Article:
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Posted in Improvisational Quilts, modern quilt, Modern Quilting, Quilts, tagged class, classes, Improv, improvisation, improvisational patchwork, modern baby quilt, modern quilt, modern quilting instructor, patchwork, quilting, Quilts, seattle, Seattle Modern Quilting Guild, sew katie did, wonky star quilt, wonky triangle, workshops on October 14, 2014 |
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There’s no sugar coating it, our family has had a full dose of life reality lately, so it wasn’t a mistake that I pulled this bit of happy colored sunshine out of the pile of unfinished tops to quilt.
I needed some mind occupation.
It seems that each quilt has a memory of its making somewhere along all its steps, and not in a bad way, but quilting and binding Happy Snowballed Sunshine will remind me for a time of my father-in-law John passing.
This quilt and its association with this particular time reminded me of quilting Supernova. Supernova was the quilt that I was working on four years ago yesterday, the same day John got his kidney transplant.
There were tears of joy quilted into that quilt and a few sad ones for the donor’s family too. That generous lady knew that in her passing she could gift a family some of those ‘best of times’ as we call them.
And she did.
But quilting this also made me thankful that I have creative things to do that occupy my mind when I need them.
It also solidified something that seems so obvious, but I’d never really thought about it. My love for fun and funky color combos that lift my mood to happy when I see them, even if the times don’t match.
And the prints that are hard to cut into? Now is the time to use them.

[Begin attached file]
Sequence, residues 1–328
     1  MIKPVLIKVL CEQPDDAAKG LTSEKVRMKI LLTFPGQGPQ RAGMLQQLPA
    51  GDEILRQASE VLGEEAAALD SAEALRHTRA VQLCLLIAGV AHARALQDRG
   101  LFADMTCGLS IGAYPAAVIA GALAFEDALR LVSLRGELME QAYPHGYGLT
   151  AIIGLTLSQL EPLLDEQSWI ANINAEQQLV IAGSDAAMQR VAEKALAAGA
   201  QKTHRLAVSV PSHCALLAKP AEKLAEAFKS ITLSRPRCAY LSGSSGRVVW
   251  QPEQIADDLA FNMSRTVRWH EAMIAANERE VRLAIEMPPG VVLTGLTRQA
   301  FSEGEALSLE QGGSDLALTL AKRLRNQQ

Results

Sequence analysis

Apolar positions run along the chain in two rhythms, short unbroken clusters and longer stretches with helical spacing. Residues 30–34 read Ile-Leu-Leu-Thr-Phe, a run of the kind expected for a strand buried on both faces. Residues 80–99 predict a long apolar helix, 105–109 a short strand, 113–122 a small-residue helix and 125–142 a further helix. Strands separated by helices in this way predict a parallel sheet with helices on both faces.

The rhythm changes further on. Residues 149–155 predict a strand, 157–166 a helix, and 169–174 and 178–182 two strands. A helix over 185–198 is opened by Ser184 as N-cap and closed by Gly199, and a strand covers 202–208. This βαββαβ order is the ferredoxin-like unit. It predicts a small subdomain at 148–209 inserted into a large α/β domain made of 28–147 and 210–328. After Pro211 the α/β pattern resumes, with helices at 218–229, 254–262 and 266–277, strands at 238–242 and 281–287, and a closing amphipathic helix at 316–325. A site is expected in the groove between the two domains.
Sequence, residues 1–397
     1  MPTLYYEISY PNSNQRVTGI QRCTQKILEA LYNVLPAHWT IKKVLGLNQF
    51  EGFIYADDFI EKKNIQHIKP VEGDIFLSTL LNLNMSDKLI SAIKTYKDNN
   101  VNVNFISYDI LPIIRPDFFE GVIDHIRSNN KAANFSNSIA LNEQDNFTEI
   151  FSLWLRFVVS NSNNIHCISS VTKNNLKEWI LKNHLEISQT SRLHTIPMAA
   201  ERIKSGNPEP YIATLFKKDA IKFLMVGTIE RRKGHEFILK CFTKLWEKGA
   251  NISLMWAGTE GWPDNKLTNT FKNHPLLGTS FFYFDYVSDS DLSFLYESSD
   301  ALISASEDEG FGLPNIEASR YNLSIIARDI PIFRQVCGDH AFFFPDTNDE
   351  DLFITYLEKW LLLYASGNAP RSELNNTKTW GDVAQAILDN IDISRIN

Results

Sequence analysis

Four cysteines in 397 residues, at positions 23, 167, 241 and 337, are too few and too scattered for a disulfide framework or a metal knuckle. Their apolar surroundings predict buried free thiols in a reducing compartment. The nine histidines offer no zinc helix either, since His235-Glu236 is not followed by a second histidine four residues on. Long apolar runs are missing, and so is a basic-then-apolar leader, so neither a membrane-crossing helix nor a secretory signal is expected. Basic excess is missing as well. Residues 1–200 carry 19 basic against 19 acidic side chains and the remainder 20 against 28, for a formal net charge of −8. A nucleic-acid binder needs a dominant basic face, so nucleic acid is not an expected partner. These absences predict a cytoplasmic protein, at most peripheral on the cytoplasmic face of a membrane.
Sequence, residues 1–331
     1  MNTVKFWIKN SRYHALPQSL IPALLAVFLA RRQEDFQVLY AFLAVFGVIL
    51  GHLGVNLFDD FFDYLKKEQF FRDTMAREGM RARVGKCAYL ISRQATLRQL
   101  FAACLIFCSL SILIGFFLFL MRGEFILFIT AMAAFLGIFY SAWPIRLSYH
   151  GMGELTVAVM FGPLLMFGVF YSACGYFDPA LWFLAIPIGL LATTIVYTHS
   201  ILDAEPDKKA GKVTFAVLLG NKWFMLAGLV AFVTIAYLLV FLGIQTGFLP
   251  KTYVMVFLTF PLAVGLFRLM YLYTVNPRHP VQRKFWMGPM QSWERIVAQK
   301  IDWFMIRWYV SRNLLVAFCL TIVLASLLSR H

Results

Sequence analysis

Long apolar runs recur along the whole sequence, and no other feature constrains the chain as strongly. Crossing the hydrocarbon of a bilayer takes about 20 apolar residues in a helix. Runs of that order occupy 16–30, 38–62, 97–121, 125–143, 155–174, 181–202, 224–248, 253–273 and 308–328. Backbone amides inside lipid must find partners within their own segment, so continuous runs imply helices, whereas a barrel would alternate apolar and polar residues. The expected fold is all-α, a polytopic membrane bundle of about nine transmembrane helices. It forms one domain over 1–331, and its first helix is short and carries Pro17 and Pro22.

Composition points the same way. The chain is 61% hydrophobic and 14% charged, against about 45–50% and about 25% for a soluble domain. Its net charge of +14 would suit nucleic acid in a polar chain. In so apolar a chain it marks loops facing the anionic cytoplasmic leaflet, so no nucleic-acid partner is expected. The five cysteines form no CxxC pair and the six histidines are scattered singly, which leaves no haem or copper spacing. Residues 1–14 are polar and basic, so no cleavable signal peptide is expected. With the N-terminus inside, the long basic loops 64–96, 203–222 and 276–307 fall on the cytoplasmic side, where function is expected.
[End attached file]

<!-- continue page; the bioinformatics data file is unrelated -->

I’ll gift this bit of happy at some point. This quilt hasn’t found its person yet, but that baby will add another dimension to the quilt memory.
(thanks Sounders FC instagram for photo)
And for my happy memory I’ve been reminding myself to remember the healthy John. The John that would sit on my couch drinking a martini telling me funny stories.
He would have liked my happy quilt and he definitely loved sunshine;)
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Posted in Improvisational Quilts, Modern Quilting Classes, tagged alexander henry, classes, improvisation, improvisational patchwork, modern quilting, Quilts, seattle, Seattle Modern Quilting Guild, sewing, workshops on November 29, 2013 |
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I told Jefe to calm his excitement over the fact that we have a Christmas themed sham for our bedroom. He puts up with me.
I’m a little obsessed with this Alexander Henry Merry Moderns fabric and equally obsessed with Elizabeth’s Sparkle Punch quilt.
I thought about making another sham, but I think I’m just going to go all out and make a Christmas quilt for the couch instead with some wool batting and flannel back.
I’m trying to do the ‘two birds, one stone thing.’ Combining class samples and gift ideas at once. Thus the stitch and flip triangles/Sparkle Punch fusion. I like to have as many examples as possible to inspire students beyond Quilting Modern’s quilt layouts. It really makes a class more fun.
I’ve got Secret Santa gift and oven mitt class samples covered. I forgot to put in two layers of batting, so I guess it’s a mug rug instead of a potholder
Considering I’ve got a ton of these patchwork squares left over from the oven mitts I think I might make some nesting baskets for class samples while I’m at it. Pssst…there’s one spot left in that class if you need a gift idea and some time on your hands Sunday.
Off to obsess more.